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Please keep praying for Archer to recover; we are storming heaven! I thought my chest would burst in gratitude for each of them, that gesture, that love, that solidarity. I felt assured and confident that we would figure it out. And really, rehab is the priority of the injured athlete. But even if Archer had not been complicated, he would still have wanted both, to devote time to rehab and to his education. But the truth of it all is that Archer was just very complicated. And all of you, with your prayers created the energy field for what is happening now. We knew it was an unusual surgery, that is, to actually remove a pace maker, but we knew it was getting more and more risky the longer we waited. Archer has been building stamina for a year now to be able to get on to the GEO and stay and remain upright without any heart or Blood Pressure or Autonomic Dysreflexia issues. I just love to watch it move Archer’s feet and legs. There is a mirror in the GEO room in which he can watch himself. For every step you take today or tomorrow, or really just a mindful moment of one step, feel the love and freedom in that step and what it means. Well, there he was crossing the threshold of the screening suite. Man o man, can he move quickly with that stylus on an ipad and an iphone.This picture was taken outside of The Food Market in Hampden, Baltimore on Archer’s birthday in July. I couldn’t help but feel joy and gratitude in every cell of my being as I watched Archer roll across the Mc Donogh School stage this past Monday. Archer maneuvered his powerchair using the T-bar in which his left hand rests, powered also by his left shoulder pushing his hand as if an extension. I quickly learned that none of these facilities dealing with acute rehab is equipped to teach or provide teaching while in-patient. His recovery was complicated, and honestly, his intellectual ability was complicated as it was near impossible to find teacher matches for him if the goal was to graduate a/k/a staying on course with the classes he would have otherwise been taking which were all AP’s and high level math. But I had no idea it was anything different than any other catastrophic injury like quadriplegia. So, last June, a wonderful surgeon at Johns Hopkins successfully removed it and all 42 feet of leads around Archer’s ventricles. I am sure that mirror neurons are sending messages to his brain, Remember walking? A machine like the GEO simulating what his body knows how to do already, maybe it will not only strengthen, but maybe it will wake it up. He stays up until 1am on many if not most school nights which concerns us on one hand and which we also admire on the other as he is driven to move forward and learn and do well in life despite the injury.His research interests include Electronic Health Records, Clinical Data Management, Clinical Imaging Systems, Clinical Simulation and Virtual Reality Systems, Computational Medicine, Software Engineering, Human Factors, Speech-Based Systems, Handheld and Mobile Computing, and Bioinformatics.He is also a semi-professional trumpet player and is interested in the specific medical needs of performing artists, especially instrumental musicians.Right now, Archer is paralyzed from the top of the chest on down. Each upper school student who was also being inducted into Cum Laude Society, each wearing their kaki pants or skirts and their navy blue school blazers with the Mc Donogh seal, each was also donning another emblem, the small one-inch orange and black button with the words Archer Strong written across. Almost every student from the past year who was on stage as well as the current students receiving the prestigious and hard-earned academic honor, one by one, walked onto the stage with the Archer Strong button on the lapel of their blazer, boys and girls alike. They didn’t have to share it in that way, but they did. It didn’t take anything away; it made for greater celebration of each of them. Kernan was more honest in saying they didn’t do school, they did rehab. Remember about a week or so ago that news report about the experimental stem cell injections for a quadriplegic man? A friend sent me the email address I needed to try and reach the researchers. I gave them a brief overview of Archer’s condition and profile. This is what they were looking for: the perfect profile. There were many malades who had been recommended and they were each being interviewed and assessed that particular weekend at Mercy Hospital in Baltimore. When I arrived passing through the security and up onto the elevator, I slipped into a coatroom, hung up my coat, and stepped out into the hallway. He was brain damaged and partially paralyzed in his legs from a heart attack he had while running a marathon, now age 19, and medical help was not able to get to him for 15 minutes. His screaming, if you will, was the last memory I had as he was discharged and sent to another facility. I told her quickly the barriers and specifically what to demonstrate. He’s really amazing and thought long and hard about these things.The Senfts believe in miracles and the power of your prayers. I loved each one of those dear young persons so very much in that moment. Shepherd assured me they had had other athletes graduate and that they would help transition him back to his school after he left there. Well, I emailed that doctor so fast since it looked as if Archer might be a good candidate based on the article. Remember last summer when we were angsting about when we could get that pace maker removed? Billy and I were at our house that Saturday in the middle of a meeting with a woman re college financial aid when I felt this really strong pull to go downtown to the Lourdes screening. Whom should I lay eyes on rolling through the entranceway but the boy/young man who had been Archer’s roommate when we first arrived at KKI in-patient. I recall his prognosis was that his speech and eyesight might slowly be restored and I felt hopeful for him. I could feel the unity like two schoolgirls hatching a good plan to do something together. Yes, he remains a top AP student, gifted in math and physics and yes, he had amazing scores on his SAT and yes, he also submitted an art portfolio of his digital work and yes, he’s been working tirelessly on school work with his “one finger” as he calls it, this metal stylus which we carefully attach every morning to a Velcro hand and wrist splint and then wrap both around his arm which he then powers, literally, by moving his bicep and shoulder.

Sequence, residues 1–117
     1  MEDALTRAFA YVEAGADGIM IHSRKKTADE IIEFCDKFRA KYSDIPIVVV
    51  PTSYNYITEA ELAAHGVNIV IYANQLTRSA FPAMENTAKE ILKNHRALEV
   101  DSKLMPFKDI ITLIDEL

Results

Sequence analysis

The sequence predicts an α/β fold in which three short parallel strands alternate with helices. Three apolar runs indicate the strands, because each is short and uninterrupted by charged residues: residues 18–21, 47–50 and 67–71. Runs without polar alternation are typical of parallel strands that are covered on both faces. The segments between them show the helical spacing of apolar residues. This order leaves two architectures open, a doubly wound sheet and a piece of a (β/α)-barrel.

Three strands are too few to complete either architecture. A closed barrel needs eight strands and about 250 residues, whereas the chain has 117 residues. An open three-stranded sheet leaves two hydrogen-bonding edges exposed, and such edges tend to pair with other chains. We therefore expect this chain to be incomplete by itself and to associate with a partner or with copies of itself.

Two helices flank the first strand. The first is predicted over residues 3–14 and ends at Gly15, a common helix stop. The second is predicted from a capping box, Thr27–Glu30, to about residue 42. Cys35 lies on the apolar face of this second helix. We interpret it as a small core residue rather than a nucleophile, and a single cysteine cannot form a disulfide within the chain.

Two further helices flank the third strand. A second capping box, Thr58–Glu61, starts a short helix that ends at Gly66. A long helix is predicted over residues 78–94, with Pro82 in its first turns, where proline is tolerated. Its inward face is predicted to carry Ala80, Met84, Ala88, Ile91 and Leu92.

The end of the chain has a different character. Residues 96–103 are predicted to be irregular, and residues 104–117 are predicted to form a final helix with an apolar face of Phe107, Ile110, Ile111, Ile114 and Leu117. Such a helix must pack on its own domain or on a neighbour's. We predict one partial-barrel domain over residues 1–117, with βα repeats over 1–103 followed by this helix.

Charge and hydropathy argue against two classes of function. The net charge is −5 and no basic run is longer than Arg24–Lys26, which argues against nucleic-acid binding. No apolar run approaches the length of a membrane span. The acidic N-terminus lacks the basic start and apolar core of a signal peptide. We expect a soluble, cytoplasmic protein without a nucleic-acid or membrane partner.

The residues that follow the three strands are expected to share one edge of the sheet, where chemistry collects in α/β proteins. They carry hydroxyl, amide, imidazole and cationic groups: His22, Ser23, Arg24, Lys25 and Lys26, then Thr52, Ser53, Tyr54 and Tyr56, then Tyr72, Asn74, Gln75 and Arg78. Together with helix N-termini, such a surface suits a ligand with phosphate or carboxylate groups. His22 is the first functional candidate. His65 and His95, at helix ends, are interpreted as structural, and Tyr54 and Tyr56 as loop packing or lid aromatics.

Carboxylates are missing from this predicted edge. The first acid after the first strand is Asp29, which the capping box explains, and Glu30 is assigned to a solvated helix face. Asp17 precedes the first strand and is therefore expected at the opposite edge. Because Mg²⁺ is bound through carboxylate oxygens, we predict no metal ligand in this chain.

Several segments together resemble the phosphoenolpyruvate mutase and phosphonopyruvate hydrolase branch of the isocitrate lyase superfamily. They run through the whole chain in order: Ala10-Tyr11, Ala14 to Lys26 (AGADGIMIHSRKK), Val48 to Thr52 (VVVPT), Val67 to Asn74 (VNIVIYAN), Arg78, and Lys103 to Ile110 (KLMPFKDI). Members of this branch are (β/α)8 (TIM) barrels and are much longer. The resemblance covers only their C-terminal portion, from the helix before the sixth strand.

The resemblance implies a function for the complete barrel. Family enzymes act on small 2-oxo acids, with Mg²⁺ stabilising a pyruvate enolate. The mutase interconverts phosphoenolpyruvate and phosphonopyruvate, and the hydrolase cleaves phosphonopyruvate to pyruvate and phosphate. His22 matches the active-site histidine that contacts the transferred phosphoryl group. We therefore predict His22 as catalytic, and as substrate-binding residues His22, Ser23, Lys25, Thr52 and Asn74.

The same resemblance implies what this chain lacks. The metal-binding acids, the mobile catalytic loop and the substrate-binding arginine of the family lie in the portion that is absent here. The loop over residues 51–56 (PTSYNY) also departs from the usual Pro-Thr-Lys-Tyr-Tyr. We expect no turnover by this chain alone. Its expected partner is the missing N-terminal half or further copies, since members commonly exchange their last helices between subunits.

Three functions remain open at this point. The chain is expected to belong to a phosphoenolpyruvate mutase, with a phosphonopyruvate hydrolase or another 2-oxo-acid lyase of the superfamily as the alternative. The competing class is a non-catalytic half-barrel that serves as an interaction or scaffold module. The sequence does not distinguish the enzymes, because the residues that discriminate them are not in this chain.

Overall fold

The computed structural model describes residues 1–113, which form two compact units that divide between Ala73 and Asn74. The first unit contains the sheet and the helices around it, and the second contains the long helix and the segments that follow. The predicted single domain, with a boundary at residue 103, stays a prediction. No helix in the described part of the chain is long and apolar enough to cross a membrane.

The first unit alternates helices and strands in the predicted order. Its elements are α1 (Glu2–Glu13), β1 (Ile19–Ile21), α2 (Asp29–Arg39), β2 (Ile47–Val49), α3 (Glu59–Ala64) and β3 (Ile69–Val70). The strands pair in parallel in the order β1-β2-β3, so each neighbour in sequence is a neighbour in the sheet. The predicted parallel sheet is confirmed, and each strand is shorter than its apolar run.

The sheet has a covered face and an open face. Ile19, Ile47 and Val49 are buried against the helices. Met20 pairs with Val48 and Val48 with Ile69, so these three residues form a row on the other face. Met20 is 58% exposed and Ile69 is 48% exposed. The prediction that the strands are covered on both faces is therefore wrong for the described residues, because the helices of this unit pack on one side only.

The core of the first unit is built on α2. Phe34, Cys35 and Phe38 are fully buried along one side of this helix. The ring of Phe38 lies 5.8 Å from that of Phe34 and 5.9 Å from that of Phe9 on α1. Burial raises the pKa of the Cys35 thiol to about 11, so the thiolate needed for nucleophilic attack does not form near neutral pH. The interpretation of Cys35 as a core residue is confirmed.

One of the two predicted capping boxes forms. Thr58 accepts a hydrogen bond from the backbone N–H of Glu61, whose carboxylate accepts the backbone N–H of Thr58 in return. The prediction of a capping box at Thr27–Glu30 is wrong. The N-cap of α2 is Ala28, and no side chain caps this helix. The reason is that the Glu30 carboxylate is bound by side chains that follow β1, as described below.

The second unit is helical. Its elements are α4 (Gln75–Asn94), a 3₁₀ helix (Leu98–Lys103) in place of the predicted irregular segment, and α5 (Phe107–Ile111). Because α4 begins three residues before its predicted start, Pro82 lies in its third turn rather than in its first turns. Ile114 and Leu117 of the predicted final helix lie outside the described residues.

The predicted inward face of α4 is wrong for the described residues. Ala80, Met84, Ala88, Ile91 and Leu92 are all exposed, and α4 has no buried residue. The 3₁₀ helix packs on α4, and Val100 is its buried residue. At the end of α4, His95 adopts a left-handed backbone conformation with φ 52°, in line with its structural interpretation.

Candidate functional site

He completed a residency at the University of Maryland School of Medicine and is board certified in Internal Medicine.